Fear Of Failure There is a real possibility that the charter airline or tour operator will declare bankruptcy before or during your trip. It happens almost every year. Airline failure is less common and less disastrous. The tour operator probably still has the money passengers paid (he or she is obliged to keep it in an escrow account until the flight) and can make arrangements with another airline. A failure that occurs during a trip might necessitate a few days' delay while alternative arrangements are made, but it probably won't cost additional money.
TIP: Whenever you put down a big payment, ask if it's protected against operator failure--by federal law, state law, or by trade association. If there's no protection, consider buying trip-cancellation insurance (for about 5% of your payment). Or have your agent find an operator that offers adequate protection.
Tour-operator failure is more common and more serious. Tour operators are required to post performance bonds and place payments for flights in escrow accounts earmarked for air travel. If the operator fails before you depart, you should be able to get your money back. This is hardly an ironclad guarantee, because the performance bond seldom covers the entire cost of chartering the aircraft.
If the tour operator fails during your trip, you may be at least temporarily stranded. In a worst-case scenario, the charter airline refuses to carry you because the tour operator hasn't paid them. No other charter or scheduled carrier is obligated to honor the ticket or has anything to gain by doing so. You are then faced with a delay of perhaps several days, the increased expense of obtaining another ticket, and little likelihood of ever receiving a full refund. Eventually the tour operator or airline may rescue you with some alternative arrangement. But this could take several days and if you're in a hurry to get back, you may have to pay the price.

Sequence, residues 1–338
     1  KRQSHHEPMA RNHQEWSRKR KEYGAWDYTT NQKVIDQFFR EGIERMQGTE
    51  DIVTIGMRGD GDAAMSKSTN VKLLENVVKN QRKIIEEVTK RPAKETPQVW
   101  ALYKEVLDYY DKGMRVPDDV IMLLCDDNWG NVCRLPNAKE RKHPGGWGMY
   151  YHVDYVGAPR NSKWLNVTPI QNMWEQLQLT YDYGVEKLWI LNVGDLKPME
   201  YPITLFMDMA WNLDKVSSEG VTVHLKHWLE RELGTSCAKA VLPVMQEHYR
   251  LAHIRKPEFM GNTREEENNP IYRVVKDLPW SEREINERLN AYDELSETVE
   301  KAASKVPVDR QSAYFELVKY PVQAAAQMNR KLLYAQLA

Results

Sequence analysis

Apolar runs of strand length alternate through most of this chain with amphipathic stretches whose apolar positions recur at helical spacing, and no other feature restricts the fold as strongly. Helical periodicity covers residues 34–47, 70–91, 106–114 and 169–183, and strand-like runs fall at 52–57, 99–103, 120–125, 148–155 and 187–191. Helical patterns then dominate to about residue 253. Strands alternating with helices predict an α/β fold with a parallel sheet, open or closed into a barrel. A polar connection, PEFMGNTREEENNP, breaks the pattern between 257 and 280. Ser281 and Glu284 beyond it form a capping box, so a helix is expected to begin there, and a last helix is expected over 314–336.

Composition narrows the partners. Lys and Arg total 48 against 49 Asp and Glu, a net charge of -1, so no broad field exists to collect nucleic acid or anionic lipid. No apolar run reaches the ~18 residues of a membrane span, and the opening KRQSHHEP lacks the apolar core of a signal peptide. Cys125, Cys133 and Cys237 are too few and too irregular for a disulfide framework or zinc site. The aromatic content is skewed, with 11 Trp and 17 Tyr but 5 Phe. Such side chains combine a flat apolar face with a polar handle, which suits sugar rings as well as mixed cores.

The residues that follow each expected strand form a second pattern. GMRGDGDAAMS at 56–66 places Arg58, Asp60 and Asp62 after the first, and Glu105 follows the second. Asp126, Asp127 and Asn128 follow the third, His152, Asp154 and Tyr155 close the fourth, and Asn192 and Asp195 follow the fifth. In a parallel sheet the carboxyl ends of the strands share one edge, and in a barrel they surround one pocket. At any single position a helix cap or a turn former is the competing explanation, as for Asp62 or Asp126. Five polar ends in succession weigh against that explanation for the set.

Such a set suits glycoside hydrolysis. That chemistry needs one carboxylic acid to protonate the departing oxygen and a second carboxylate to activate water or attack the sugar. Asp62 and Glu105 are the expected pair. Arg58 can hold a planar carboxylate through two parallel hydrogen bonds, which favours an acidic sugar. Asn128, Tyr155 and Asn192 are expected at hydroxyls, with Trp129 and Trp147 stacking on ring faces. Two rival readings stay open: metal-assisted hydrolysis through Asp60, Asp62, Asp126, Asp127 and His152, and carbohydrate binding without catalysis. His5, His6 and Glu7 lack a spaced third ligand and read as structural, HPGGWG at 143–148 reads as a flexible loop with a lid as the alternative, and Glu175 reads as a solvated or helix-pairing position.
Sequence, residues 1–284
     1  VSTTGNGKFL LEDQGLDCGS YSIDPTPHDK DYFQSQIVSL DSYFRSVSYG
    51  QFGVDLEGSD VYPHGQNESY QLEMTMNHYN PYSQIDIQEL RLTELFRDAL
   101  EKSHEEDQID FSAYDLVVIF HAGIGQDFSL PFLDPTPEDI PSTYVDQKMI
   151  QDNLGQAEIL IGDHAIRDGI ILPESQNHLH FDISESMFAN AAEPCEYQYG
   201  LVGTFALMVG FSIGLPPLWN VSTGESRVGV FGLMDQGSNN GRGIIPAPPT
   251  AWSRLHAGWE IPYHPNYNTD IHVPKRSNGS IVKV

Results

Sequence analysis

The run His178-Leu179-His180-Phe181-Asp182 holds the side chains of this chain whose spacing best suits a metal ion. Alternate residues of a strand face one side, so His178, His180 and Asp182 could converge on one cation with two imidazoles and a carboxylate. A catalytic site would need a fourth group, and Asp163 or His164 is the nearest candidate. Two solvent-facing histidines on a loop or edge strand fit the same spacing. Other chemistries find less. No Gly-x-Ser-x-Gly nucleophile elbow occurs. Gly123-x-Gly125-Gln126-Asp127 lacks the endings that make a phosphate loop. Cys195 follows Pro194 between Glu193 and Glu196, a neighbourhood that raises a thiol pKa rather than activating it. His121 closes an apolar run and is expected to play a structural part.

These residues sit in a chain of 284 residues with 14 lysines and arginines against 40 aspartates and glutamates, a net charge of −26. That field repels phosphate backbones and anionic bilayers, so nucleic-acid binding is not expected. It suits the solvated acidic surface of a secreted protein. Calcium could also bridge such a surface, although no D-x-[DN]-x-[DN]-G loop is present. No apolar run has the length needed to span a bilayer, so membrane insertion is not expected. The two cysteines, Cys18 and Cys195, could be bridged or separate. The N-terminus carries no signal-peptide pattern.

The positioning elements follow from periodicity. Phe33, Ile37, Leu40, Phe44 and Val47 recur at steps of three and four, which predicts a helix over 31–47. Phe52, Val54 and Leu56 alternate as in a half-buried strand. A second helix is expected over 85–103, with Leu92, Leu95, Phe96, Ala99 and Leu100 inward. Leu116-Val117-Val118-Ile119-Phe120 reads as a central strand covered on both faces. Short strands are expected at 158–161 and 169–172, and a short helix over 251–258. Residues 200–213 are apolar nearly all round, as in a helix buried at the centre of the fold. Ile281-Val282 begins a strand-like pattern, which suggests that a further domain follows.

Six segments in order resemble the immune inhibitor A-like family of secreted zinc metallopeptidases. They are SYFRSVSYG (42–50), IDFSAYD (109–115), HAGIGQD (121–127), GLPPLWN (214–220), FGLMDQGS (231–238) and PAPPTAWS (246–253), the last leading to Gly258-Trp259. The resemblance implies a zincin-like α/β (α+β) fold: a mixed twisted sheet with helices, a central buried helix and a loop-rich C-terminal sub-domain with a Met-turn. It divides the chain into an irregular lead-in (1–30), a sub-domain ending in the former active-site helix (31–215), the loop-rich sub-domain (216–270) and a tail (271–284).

If you have qualms about a tour operator's reliability or solvency, contact your local Better Business Bureau. To find out whether any enforcement complaints have been lodged against a tour operator or charter airline, contact the Department of Transportation in Washington, DC, at 202-755-2220.
Whenever possible, pay for charter flights with charge cards. In case of problems later, you can withhold payment or try to get a refund through the charge-card company.
If you can't put it on plastic, make sure your check is made out to the escrow or trust account U.S. operators are legally required to establish for each charter program. If you make the check payable to the individual tour operator, you diminish your chances of receiving a refund in case of failure.
To protect yourself against airline or operator failure, you can buy "travel protection" or "trip interruption" insurance from a travel agent or tour operator. Insurance costs around $5 per $100 of protection, but some travel agencies offer it as a free perk for buying through them.
In any event, when flying a charter be sure to have the financial wherewithal-charge card, traveler's check, cash-to buy your way home in an emergency.